Mid-Atlantic
via UVA Today

VA - Go-With-the-Flow Wind Turbine, Conceived by UVA Prof, Completes Successful Demo

About 15 years ago, University of Virginia engineering professor Eric Loth started thinking about how he could help with climate-related dilemmas, which led to his big idea about improving the design of wind turbines.

What if a turbine’s blades could gracefully bend when subjected to high winds, morphing with the weather conditions like palm trees do during a hurricane? After all, it’s the blustery winds at the coast where the greatest energy opportunities lie.

Loth continued to refine the idea. Now, having completed a successful demonstration of his 10-story tall Segmented Ultralight Morphing Rotor, he is another step closer to making the turbine a reality – one that could provide massive amounts of clean wind energy for the world.

As a Department of Energy project, now wrapping up, SUMR has shown that its highly flexible blades and control system not only work, but that they can be adapted to an extreme-scale, 25-megawatt power-generating system, which would be a record in terms of size.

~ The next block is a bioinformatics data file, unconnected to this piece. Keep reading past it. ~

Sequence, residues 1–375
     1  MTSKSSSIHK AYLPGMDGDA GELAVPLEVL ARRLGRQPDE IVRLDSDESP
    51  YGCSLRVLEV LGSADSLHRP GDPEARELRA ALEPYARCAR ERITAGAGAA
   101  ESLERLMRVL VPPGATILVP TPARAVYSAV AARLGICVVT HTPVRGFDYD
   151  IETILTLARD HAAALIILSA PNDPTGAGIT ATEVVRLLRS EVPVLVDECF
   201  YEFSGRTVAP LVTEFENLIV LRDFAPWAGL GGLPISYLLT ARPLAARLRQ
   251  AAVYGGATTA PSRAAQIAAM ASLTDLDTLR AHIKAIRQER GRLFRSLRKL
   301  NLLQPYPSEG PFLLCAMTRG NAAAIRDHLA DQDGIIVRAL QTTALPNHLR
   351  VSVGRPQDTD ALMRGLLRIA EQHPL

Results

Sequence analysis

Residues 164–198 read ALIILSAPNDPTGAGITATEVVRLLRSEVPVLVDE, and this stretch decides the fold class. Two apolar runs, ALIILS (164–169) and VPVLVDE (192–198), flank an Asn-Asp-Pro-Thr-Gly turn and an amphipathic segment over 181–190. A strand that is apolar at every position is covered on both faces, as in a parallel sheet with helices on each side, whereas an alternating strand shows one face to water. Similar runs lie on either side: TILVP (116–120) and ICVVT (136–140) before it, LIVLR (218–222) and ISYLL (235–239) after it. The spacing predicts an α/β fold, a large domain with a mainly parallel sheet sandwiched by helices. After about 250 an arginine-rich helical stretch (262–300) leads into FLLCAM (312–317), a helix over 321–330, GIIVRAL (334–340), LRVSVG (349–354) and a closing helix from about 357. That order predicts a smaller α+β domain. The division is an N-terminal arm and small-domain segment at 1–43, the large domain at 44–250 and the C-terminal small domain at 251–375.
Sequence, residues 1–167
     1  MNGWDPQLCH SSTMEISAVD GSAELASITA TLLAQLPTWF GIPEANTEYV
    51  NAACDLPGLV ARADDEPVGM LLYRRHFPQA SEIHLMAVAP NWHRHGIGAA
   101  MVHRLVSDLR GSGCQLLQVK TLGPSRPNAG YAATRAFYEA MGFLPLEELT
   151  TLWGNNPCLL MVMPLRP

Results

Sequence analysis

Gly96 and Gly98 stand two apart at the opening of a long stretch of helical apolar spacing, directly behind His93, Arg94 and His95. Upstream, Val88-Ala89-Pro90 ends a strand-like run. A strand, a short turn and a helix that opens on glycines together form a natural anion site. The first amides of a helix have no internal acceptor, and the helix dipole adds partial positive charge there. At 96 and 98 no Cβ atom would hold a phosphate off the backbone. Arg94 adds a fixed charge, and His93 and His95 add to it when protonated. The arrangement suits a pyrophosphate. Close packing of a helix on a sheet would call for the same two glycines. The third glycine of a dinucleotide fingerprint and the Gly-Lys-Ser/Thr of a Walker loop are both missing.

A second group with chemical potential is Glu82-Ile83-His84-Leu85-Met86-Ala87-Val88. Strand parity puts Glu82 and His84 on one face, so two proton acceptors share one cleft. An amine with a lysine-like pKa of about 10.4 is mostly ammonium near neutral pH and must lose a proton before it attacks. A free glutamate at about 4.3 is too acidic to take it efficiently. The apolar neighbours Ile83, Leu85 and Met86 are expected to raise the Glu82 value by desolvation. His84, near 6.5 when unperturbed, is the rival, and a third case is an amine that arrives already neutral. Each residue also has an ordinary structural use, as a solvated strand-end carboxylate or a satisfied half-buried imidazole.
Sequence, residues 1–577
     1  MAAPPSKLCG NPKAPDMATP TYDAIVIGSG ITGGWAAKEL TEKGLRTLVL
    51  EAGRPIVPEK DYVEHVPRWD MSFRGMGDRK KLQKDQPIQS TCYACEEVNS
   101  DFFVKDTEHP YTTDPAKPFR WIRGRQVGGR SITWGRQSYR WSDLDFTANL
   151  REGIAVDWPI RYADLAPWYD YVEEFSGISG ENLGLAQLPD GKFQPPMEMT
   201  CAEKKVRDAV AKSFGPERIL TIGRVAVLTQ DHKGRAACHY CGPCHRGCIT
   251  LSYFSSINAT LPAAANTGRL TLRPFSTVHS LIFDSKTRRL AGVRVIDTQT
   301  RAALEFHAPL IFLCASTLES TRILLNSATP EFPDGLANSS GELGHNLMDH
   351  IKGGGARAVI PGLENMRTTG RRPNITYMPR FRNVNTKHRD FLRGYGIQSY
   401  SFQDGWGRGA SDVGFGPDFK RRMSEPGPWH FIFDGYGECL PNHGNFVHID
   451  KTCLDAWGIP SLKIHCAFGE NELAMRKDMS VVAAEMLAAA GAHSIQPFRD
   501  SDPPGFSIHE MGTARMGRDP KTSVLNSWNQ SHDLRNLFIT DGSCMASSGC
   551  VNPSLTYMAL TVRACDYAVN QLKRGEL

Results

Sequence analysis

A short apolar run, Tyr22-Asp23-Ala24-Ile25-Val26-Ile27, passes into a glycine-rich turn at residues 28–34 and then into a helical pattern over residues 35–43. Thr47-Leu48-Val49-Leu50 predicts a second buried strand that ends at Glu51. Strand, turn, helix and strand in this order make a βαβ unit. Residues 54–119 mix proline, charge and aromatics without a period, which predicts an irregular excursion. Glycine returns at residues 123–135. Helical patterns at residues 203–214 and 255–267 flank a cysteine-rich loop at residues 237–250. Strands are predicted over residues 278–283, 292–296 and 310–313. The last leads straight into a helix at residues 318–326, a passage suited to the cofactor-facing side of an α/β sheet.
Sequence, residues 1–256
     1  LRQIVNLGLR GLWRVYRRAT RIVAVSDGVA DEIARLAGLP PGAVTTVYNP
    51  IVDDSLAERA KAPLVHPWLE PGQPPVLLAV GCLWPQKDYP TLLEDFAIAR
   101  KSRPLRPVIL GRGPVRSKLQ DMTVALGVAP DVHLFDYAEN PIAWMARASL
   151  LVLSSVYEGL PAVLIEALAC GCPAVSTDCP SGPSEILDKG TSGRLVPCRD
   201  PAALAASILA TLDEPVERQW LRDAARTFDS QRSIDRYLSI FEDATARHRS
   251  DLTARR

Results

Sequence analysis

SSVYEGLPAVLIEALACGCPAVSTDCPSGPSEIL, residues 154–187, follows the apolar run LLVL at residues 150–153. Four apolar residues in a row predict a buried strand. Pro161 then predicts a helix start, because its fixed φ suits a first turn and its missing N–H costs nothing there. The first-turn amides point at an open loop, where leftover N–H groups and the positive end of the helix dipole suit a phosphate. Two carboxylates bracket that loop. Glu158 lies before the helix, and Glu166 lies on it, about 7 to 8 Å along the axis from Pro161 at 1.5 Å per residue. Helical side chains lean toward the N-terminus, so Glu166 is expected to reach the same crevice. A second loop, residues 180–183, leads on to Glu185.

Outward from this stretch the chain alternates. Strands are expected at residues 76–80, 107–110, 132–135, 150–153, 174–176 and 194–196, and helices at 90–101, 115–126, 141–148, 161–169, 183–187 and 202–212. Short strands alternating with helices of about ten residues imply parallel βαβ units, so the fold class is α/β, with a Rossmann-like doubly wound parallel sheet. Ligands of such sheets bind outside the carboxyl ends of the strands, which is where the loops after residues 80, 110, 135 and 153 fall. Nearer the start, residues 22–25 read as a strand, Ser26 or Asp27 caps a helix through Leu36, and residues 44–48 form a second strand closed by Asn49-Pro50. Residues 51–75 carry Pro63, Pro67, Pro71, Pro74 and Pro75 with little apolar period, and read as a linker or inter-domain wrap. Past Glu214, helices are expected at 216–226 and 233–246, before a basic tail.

Last month for the first time, Loth and partners publicly shared evidence of their successful testing at an annual international meeting in the Netherlands.

“I think that the project has gone really well,” Loth said of the six-year study, conducted under the DOE’s Advanced Research Projects Agency.

That may be an understatement. His turbine, in fact, operated nonstop for two years, including surviving an unexpected 110-mph gust and a bomb cyclone.

SUMR now appears to be a leading design in the international race to optimize offshore wind power.

Loth’s Personal Challenge

Given the billions of dollars required to develop wind farms, investors want turbines that can last their full potential lifespans, about 25 years, while maximizing energy production at a low cost. One way to do that is by using the longest blades feasible in the strongest winds possible.

But traditional wind turbines have had a problem: The bigger the blades get, the more likely they are to strike the tower supporting them, especially in high winds.

The personal challenge for Loth was, essentially, go big or go home.

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